Results for Arteriovenous Malformationstest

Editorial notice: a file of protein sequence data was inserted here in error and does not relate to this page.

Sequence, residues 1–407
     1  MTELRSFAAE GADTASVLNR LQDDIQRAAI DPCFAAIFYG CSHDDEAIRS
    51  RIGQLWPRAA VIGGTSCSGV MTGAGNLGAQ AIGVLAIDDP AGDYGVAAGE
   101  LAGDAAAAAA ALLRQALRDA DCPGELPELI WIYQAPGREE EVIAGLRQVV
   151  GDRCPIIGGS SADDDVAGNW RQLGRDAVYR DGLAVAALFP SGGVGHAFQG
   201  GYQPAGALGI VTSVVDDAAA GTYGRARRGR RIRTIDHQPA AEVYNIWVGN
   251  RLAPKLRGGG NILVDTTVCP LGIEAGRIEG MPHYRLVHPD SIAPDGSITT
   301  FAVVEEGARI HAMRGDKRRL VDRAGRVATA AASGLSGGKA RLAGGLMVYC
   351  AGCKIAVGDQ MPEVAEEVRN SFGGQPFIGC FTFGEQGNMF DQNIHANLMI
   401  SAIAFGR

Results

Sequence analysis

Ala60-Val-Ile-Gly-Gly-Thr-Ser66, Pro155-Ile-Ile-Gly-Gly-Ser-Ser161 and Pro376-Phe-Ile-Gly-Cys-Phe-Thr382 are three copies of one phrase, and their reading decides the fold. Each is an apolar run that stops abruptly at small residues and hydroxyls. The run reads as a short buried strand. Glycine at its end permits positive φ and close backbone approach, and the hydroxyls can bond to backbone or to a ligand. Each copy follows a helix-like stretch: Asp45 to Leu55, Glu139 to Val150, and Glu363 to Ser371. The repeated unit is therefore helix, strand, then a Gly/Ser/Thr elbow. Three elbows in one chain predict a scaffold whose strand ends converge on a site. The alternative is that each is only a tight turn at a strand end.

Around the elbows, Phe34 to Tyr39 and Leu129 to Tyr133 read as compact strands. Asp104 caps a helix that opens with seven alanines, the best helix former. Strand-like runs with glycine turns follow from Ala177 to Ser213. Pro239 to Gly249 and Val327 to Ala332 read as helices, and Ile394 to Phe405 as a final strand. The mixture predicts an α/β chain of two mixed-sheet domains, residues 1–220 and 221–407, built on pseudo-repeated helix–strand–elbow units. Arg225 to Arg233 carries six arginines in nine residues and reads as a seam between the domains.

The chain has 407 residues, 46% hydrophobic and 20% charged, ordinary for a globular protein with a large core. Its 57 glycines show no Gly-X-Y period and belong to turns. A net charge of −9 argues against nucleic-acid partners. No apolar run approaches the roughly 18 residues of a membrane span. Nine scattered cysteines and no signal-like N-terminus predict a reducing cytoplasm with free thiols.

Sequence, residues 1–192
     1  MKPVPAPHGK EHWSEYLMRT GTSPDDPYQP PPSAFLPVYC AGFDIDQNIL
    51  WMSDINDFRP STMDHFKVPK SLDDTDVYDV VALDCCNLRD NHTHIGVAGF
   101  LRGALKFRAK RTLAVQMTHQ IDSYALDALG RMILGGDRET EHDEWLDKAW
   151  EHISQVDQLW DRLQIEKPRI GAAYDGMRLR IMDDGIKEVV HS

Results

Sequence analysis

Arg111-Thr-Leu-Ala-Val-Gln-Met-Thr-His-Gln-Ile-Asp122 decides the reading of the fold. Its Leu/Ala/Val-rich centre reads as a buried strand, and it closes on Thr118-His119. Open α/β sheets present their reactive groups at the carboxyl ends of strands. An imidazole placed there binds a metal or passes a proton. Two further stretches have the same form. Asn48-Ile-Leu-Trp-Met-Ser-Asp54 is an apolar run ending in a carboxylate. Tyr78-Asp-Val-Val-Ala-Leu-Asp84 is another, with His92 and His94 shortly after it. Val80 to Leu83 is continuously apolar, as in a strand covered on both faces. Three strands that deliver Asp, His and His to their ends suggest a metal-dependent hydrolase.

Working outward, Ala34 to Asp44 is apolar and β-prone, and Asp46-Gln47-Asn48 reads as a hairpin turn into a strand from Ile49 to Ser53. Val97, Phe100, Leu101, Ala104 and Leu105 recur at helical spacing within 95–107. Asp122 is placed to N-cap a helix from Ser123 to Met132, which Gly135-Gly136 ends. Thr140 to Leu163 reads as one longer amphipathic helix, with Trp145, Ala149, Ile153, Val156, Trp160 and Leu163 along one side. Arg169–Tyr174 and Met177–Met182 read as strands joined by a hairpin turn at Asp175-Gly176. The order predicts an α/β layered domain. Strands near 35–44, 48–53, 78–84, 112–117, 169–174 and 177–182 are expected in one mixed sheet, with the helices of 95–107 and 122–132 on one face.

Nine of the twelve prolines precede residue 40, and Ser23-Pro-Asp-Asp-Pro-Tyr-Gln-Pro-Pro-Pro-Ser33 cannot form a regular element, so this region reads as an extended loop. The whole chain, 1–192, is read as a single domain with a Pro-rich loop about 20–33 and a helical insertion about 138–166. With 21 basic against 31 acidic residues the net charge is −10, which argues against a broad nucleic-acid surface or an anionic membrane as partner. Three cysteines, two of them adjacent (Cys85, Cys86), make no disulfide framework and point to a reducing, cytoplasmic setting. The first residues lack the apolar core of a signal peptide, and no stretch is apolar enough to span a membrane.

AVM stands for Arteriovenous Malformation. We believe that, in almost all cases, it developed during the development of the child in utero, and it basically involves two different kinds of blood vessels that should not be directly connected, actually being connected. In the body we have the arteries, which are the vessels that carry blood from the heart to the rest of the body. The arteries are thick walled and they're designed to carry high flow and high pressure blood. Once the blood gets to wherever it's going in the body, the arteries split again and again until ultimately they get to the capillaries which are the tiny microscopic vessels where the oxygen is given to all the tissues of the body. Once the oxygenation has taken place, it's the veins that takes the blood back to the heart from the brain, and the veins are very thin walled and they're designed to carry low pressure, slow flow blood back to the heart. So the arteries and the veins are quite different in how they're built, and they really should not have blood in direct communication. An AVM consists of an area, where for some reason during development, the arteries and the veins are directly connected by a very tiny network of very small vessels, where there's basically no pressure drop that's happening, so you have the high pressure blood going straight from the arteries into the vein, as a kind of short circuit. That pressure builds up to the point where there's a weak spot that eventually ruptures and causes a bleed. Thankfully, the initial bleed is often contained by the surrounding pressure within the skull. This allows a clot to form, which temporarily stops the flow of blood, stabilizing the patient. We still need to treat the AVM before that weak spot ruptures again, because every bleed in the brain is potentially a severe risk to the patient. If the AVM occurs at a very young age and is very high flow, it can cause other trouble, such as heart failure, for example, just because of the degree of flow through the AVM. Arteriovenous Malformations, as you heard Dr. Orbach say, is a tangle of blood vessels, that grew abnormally, and has a risk of bleeding, and so the goal of treating an AVM is to try to reduce that risk of bleeding, hopefully to make it go away altogether. There are basically four ways to treat an AVM. One way is surgery. You can just cut it out. And if you remove the AVM, the goal is by making it go away, hopefully you've taken away the risk of bleeding. A second way to treat an AVM is with radiation. It's kind of like getting a sunburn. If you treat an AVM with radiation, over a period of time, those blood vessels begin to thicken up, and they begin to close off the tubing that blood travels through, and the end result is that the AVM shrivels up, and hopefully over a period of time, months, years, that AVM disappears. The third way to treat it is with embolization, and the idea there is something that Dr. Orbach can do, for example, where you can thread a very tiny wire up through the blood vessels inside the body, you can squirt different types of agents to plug up the pipes from the inside, which can help to slow down or stop the flow of blood inside an AVM. The fourth way to treat it is to observe it. Sometimes, the safest thing to do, if the AVM is very big or if it is in a very sensitive part of the brain, is to just watch it, because it may be that the risk of treating the AVM might have more side effects and might be more dangerous than leaving the AVM alone. The great thing about, I think, what we have here at the Cerebrovascular Center, is that we have all of those treatments available here, we can provide them individually or in combination, and when decisions are made to treat an AVM, they're done with everybody at the table, and we try to put together the best plan possible for treating the child with their AVM.